Sunyani Feb. 23, GNA - Mr. John Abaa, Brong-Ahafo Regional Coordinator of Action Aid Ghana, on Tuesday called for the abolition of cultural practices that hinder women's development.
He made the call at a women's right awareness forum organised by the 6th March Women Foundation, an NGO within the Greater Grace Church in Sunyani.
Mr. Abaa noted with regret that "women have been marginalized for too long and it is time they must be set free to demonstrate their God-given abilities."
Cultural practices such as widowhood rites and female genital mutilation, he said must not be imposed on women anymore as they go through a lot of suffering.
He urged women to fight for better positions wherever they found themselves and to upgrade themselves for better jobs positions. The co-ordinator stressed that even though women formed 51 percent of the nation's population they were sparsely represented at the various levels of governance.
Mr. Abaa appealed to the government to consider the Domestic Violence Bill placed before Parliament, saying the bill when passed would protect the rights of women from abuses.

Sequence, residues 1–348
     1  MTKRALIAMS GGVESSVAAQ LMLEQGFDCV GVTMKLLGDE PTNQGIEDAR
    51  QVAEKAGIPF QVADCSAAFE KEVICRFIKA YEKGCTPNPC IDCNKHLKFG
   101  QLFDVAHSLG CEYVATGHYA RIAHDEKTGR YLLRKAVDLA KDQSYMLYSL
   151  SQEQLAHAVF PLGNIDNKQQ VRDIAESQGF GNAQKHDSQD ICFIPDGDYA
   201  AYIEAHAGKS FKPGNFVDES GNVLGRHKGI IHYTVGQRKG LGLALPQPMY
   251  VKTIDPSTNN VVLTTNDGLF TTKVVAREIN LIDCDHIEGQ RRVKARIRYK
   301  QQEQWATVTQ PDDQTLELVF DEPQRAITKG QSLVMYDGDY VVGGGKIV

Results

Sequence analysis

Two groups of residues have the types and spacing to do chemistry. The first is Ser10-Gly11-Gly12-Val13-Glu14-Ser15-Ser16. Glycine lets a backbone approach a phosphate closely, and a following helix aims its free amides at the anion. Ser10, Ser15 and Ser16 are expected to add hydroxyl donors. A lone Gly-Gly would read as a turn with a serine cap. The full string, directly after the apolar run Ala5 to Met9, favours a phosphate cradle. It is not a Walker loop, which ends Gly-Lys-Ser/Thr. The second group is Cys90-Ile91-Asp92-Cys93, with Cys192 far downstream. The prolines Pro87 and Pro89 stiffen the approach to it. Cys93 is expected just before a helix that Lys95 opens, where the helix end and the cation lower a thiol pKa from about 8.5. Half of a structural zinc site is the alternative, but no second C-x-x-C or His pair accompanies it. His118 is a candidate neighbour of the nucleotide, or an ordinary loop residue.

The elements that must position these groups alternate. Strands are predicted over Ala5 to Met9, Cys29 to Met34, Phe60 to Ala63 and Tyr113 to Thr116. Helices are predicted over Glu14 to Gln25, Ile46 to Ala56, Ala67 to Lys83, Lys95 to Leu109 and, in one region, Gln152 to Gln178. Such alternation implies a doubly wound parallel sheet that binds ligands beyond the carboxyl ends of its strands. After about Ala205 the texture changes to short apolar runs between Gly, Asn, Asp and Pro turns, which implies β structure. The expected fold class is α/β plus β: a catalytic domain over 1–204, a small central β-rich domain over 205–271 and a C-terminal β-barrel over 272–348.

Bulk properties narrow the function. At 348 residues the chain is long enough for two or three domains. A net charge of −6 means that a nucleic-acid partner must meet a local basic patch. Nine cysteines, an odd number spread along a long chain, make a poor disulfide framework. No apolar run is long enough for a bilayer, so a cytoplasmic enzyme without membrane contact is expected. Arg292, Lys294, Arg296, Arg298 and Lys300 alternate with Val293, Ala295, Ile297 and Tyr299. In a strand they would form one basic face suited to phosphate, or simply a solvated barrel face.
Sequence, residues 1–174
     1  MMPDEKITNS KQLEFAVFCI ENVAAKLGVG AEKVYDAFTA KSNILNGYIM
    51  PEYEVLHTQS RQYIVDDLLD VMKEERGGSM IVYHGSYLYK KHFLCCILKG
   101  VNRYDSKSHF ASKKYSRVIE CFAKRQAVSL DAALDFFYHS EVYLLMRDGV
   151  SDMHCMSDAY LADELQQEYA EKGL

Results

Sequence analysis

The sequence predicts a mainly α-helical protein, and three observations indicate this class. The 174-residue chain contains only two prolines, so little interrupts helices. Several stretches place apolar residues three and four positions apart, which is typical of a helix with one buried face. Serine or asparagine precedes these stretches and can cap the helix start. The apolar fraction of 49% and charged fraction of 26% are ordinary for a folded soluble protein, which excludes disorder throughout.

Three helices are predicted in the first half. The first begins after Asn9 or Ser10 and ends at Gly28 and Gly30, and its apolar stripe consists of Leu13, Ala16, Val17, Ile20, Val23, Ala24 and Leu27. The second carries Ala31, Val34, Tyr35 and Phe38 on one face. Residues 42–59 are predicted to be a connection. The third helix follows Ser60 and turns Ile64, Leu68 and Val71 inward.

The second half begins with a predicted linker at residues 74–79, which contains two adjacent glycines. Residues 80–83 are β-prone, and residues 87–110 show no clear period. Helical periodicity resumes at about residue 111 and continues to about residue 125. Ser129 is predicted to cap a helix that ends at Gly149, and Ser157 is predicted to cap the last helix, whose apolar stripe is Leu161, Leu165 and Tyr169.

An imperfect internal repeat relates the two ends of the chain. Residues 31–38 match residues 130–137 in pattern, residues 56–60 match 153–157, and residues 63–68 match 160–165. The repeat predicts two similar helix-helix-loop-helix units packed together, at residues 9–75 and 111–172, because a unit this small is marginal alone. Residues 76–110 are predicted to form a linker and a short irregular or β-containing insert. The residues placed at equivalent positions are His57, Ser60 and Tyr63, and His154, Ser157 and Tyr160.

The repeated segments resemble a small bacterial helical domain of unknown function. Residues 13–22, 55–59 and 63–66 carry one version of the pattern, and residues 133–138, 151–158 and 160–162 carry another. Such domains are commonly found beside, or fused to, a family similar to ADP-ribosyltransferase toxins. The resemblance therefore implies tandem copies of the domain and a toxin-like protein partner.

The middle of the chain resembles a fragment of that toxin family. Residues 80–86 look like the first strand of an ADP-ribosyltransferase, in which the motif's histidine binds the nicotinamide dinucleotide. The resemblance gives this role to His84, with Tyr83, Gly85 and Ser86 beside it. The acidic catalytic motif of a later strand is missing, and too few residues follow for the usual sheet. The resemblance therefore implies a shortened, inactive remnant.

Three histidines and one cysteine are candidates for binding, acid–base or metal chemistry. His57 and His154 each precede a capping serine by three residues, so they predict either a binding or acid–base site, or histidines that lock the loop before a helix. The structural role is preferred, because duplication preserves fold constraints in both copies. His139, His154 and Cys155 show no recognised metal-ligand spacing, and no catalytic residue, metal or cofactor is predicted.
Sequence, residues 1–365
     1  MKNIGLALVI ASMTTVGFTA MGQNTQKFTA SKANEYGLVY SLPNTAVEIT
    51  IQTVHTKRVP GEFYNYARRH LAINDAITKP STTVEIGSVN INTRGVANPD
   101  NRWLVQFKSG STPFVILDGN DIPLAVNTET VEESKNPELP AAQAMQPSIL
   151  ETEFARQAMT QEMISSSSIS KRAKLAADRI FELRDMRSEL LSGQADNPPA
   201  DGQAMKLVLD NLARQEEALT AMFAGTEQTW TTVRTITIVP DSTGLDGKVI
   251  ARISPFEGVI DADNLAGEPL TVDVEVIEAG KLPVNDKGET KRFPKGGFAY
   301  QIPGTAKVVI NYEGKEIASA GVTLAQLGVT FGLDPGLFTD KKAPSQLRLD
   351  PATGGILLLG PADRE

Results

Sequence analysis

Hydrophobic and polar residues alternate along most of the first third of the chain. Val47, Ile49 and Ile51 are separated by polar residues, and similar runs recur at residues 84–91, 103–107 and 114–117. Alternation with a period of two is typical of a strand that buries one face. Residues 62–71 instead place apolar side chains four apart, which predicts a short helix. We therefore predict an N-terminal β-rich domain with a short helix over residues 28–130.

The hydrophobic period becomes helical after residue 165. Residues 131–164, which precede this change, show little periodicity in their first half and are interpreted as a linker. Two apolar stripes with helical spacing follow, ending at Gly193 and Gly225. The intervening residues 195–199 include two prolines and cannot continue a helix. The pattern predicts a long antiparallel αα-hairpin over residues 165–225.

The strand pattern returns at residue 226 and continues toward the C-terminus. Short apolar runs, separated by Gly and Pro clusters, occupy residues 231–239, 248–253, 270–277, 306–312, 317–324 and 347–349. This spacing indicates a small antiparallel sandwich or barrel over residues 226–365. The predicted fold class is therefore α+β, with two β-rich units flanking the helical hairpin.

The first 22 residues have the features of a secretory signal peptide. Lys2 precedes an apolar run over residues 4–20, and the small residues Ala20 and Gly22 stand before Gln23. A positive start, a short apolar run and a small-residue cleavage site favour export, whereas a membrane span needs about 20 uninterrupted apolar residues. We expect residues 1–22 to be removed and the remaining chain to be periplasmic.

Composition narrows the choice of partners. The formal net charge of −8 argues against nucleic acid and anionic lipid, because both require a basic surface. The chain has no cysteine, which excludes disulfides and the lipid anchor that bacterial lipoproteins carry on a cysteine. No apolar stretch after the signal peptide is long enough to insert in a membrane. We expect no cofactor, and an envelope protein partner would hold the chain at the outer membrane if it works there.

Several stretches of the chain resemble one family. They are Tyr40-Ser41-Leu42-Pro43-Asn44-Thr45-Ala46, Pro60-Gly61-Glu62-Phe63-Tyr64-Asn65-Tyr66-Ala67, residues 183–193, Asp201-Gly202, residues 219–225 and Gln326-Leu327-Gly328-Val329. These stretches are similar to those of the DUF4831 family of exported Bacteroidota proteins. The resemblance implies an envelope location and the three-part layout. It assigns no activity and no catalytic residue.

He advised women not to be intimidated by the threats of divorce but to report abuses against them by their husbands to the appropriate quarters.
Mr. Abaa said women who for fear of being divorced failed to report violence against them suffered emotional and psychological problems, which could affect their health or lead to their death. Ms Elizabeth Frimpong, Executive Director of the Foundation said the NGO, formed in 1996 aimed at promoting and offering support to the poor and needy children, especially girls.
It will also empower unemployed and unskilled women through vocational training for self-sustainable livelihood and sensitise women on their rights to empower them socially and economically towards development.
She said gender inequalities against women had been a major factor that caused extreme poverty in the communities and called on women to take active part in decision-making on issues that affected them and their children.